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How Should an “Authentic” Person Be?: An Interview with Skye Cleary

By JC Holburn


Skye Cleary is the author of How to Be Authentic: Simone de Beauvoir and the Quest for Fulfillment (St. Martin’s Press, 2022) and Existentialism and Romantic Love (Palgrave Macmillan, 2015); and co-editor of How to Live a Good Life (Vintage, 2020). She teaches at Columbia University and the City College of New York. I first met Skye back in 2015 at a reading for Existentialism and Romantic Love, and continue to be fascinated by her existentialist obsessions.


JC Holburn: We are in a moment of existential conflict and threat. Existentialism as a philosophical movement gained momentum out of the despair of World War II. There was an interesting footnote in your book regarding an essay on Hannah Arendt by Samantha Rose Hill. You write: ‘Loneliness clears the way for totalitarian leaders to offer tyrannical solutions and communities to ‘cure’ our loneliness.” How do you think Beauvoir would frame the current war in Ukraine and geopolitical dispute?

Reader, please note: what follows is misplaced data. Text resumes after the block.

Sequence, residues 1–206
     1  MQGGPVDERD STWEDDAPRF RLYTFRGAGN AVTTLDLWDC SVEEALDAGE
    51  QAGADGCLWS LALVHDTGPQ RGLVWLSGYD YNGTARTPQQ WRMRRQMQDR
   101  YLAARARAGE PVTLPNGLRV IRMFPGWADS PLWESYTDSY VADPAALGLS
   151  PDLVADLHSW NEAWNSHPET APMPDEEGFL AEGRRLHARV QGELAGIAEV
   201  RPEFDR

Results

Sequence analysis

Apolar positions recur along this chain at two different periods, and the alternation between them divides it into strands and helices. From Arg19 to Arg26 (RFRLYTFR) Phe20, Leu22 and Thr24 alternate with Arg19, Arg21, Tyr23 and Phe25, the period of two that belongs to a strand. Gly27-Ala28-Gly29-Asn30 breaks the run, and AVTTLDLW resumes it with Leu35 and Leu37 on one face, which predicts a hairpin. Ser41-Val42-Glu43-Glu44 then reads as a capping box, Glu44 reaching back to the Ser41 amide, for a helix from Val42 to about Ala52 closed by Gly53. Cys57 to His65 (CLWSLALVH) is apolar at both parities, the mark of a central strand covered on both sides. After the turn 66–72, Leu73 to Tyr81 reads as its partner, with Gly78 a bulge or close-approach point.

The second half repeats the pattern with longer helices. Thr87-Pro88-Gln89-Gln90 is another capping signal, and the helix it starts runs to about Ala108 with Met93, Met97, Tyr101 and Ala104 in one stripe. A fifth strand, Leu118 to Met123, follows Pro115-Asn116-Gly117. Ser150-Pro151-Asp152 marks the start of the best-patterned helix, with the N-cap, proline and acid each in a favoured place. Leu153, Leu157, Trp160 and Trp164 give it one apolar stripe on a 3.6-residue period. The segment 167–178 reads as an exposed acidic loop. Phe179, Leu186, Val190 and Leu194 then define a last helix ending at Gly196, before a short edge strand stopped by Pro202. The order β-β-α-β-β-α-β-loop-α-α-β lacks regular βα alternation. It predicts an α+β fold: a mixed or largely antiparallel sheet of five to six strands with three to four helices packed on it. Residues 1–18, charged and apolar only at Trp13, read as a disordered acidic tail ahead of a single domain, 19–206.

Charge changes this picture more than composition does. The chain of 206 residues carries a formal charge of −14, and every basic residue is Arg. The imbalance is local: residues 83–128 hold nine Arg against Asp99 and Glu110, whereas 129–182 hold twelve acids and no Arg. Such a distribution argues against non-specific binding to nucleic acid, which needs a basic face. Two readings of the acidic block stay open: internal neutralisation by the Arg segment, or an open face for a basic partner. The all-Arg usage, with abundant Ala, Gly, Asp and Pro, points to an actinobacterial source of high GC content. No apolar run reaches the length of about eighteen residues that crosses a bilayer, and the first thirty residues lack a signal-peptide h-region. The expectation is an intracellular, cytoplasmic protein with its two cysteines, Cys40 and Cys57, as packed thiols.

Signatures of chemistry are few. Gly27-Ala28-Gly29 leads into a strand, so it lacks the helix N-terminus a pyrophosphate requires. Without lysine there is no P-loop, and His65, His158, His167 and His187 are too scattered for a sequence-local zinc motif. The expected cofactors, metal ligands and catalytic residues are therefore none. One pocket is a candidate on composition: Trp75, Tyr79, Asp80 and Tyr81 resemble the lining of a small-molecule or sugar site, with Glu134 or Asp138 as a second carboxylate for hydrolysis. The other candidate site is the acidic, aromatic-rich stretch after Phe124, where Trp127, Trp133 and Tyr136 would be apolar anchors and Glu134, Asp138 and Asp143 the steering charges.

Skye Cleary: It’s hard to know what Beauvoir would think exactly, nor am I an expert on Arendt or Russia’s invasion of the Ukraine. But as you say, having lived through two World Wars, Beauvoir thought a lot about conflict.

In How to Live a Good Life talks about the “serious” person that can give us some insights. Beauvoir classifies tyrants as serious people. Tyrants subordinate themselves to inhuman idols and force others to do so as well. Putin has said explicitly that he is pursuing a virtuous “noblecause, citing vague and unsubstantiated justifications of demilitarization and neutrality.